INVEST IN COPPERTONE. Happy new year to Tapped readers; I hope 2006 went well and 2007 will be even more joyful and prosperous. Not to be a downer, but one thing 2007 promises to be, if the year gone by is any indication, is hot. According to the United Nations' World Meteorological Organization (WMO) and the U.S. Department of Commerce's National Oceanic and Atmospheric Administration (NOAA), 2006 is expected to be judged the sixth hottest year on record . (Based on preliminary analyses; final data analyses and reports won't come out until March.) As for Arctic ice content -- which, as anyone who saw Al Gore 's painfully brilliant documentary An Inconvenient Truth knows, is dwindling -- in its "Statement on the Status of the global Climate in 2006," the WMO concludes: The year 2006 continues the pattern of sharply decreasing Arctic sea ice. The average sea-ice extent for the entire month of September was 5.9 million km�, the second lowest on record missing the 2005 record by 340.000...
  • Members of Congress Are Politicians: Not Political Philosophers

    Well, it's still New Year's Day and I see that someone is already breaking my resolutions (#10) for economic reporting. A New York Times article tells readers that the battle in Congress over the Medicare drug bill, "highlights the profound differences between Democrats and Republicans over the future of the nation�s health care system, the proper role of government and the role of private markets in securing the best value for the huge sums spent on health care." Hmmm, do members of Congress sit down and contemplate what their ideal vision of a health care system is, or do they get lobbyists calling them with threats and promises in order to get them to vote in certain ways? I would suspect the latter, but we could be polite and just note that some members of Congress (nearly all of whom were Republicans) chose to support a bill that meant higher profits for the insurance and pharmaceutical industries. Did they do this because of their political philosophy? Why not just leave that...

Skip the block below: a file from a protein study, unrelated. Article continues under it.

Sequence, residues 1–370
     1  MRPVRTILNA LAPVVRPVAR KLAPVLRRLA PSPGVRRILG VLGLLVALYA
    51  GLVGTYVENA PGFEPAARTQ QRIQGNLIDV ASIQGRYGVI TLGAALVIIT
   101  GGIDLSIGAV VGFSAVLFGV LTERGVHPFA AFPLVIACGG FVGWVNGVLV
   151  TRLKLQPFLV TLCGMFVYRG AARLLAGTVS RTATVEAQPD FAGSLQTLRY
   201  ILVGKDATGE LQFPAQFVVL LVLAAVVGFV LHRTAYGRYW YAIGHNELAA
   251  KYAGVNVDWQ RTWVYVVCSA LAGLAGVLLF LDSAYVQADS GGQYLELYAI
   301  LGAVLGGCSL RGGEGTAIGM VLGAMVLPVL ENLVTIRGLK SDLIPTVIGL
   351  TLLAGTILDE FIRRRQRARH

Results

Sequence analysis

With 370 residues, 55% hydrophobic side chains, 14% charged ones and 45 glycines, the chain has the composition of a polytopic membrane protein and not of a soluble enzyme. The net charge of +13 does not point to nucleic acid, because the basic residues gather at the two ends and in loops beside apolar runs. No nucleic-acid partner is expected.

• Health Care Reform: Is the Obstacle Politics or Ignorance?

    The New York Times had a column Sunday that pointed out that other wealthy countries have better health care outcomes than the United States, at a much lower per person cost. While the column included much useful information, it concluded that the main obstacle to reform in the United States is that the public does not have confidence in a government managed health care system. I would suggest an alternative hypothesis -- the vast majority of the public has no idea how inefficient the U.S. health care system is relative to the systems elsewhere in the world. I have been reading the NYT almost every day for more than 30 years; this is one of the few times I can recall any mention of the relative inefficiency of the U.S. health care system. On the rare occasions when the NYT talks about the health care system in another wealthy country (e.g. Canada, Sweden, England), the article is usually focused on the system's problems, and generally implies that its demise is imminent. I would be...
  • WE CAN"T AFFORD...

    WE CAN"T AFFORD NOT TO HAVE UNIVERSAL HEATHCARE : To follow up on Atrios and Ezra , let me carry the stats in this Times article one step further. Let's use their figures to extrapolate government health care spending per capita: United States $2745 France $2464 Canada $2215 Again, our system doesn't just spend far more money than France's much better system and Canada's heavily flawed but still better system, but more government money. And as Krugman says today: Part of the answer is that our fragmented system has much higher administrative costs than the straightforward government insurance systems prevalent in the rest of the advanced world. As Anna Bernasek pointed out in yesterday�s New York Times, besides the overhead of private insurance companies, �there�s an enormous amount of paperwork required of American doctors and hospitals that simply doesn�t exist in countries like Canada or Britain.� In addition, insurers often refuse to pay for preventive care, even though such care...
  • African Aid in Context

    The Washington Post again committed the cardinal sin of not putting budget numbers in context. It ran an article today touting the doubling of aid to Africa during the Bush administration. While this is mostly good news for the people of the region (restrictons on funding for items like condoms and the usual cronyism make the aid less useful than it might otherwise be), it would be helpful to readers if the article put the money involved in some perspective. The current aid level of about $4 billion comes to about $5 per African. That's helpful, but not exactly a windfall. More importantly people should not be deluded into thinking that this aid is a big deal for the U.S. government. The current appropriation is equal to a bit more than 0.16 percent of federal spending. In other words, we spend just under $9,000 per person, about $14 of this money goes to people in Africa. Since a large portion of the public thinks that foreign aid comprises a large portion of their tax bill, a bit of...